Looks like Cameron Crowe is in trouble for not casting an Asian actress for the role in Aloha. Well, I find myself understanding his explanation about the character although I would have preferred to see the racial diversity in the casting of the lead role. I would say the Berenice_Marlohe is a lot like the character in the movie, she is part Asian but doesn’t come of looking very Asian. There must be plenty other actresses out there more credible for the role in terms of origins compared to Emma Stone. This brings me to compare the rest of the world to India. I know it seems far-fetched but let me explain.
Early this year a Movie entitled “I” was released. It was a rather well received film but my issue here is that the lead female role was played by Amy Jackson, a British beauty queen who became an actress. She portrayed a British woman in India in her first movie, Madrasapattinam, a Tamil period drama. This was a perfect role for her and I admit it was very well done. But, for the movie “I” I see no reason for the director to have cast a non- Indian actress as the character is named Diya and is certainly an Indian woman. The director’s excuse was that he wanted someone who looked like a top model, but that isn’t a sufficient excuse for not looking harder for an Indian actress.
So, I am just surprised that there was a bigger reaction to Emma Stone playing an American –Asian character than there was to Amy Jackson playing an Indian character. I am not criticising the actresses, I have not watched Aloha and I thought Amy did a good job in “I”. It is the reaction of the audience that is taking me by surprise. Ok, maybe not.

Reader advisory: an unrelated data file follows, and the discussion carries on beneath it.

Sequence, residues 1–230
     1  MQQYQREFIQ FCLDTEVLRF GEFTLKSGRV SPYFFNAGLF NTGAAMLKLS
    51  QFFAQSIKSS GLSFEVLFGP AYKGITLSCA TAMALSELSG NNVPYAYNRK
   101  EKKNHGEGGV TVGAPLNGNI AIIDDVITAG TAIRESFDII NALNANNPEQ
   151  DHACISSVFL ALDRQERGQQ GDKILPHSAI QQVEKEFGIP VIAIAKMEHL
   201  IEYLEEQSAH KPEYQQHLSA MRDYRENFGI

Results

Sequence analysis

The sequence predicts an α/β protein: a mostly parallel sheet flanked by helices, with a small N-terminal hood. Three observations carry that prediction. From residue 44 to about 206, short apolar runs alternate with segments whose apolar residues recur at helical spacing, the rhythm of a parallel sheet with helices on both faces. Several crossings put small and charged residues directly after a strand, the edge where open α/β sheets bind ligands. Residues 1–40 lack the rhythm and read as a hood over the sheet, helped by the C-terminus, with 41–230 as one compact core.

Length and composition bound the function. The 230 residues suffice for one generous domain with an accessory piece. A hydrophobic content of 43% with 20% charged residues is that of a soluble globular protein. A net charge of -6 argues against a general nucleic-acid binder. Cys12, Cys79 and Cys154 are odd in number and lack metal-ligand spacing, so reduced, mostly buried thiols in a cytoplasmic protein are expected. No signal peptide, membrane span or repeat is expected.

Coming to my point, I would use this as an evidence of colourism in India, Amy Jackson got away with it because she is white. Fair skin has been equated with beauty in India for centuries. As you can see Bollywood is dominated by mixed race fair-skinned actresses: Ileana , Genelia and Katrina Kaif. Well, women and men are victimized by colourism although women are more often targeted. So, the attitude of the Indian audience is that, the women primarily have to be fair-skinned in order to play a character that is supposedly extremely beautiful. So, this goes to show that for a women her identity comes second after her skin colour and this is very true in India, a woman’s brains doesn’t matter, her personality is unimportant and her true self is non-existent to the world if she is dark skinned.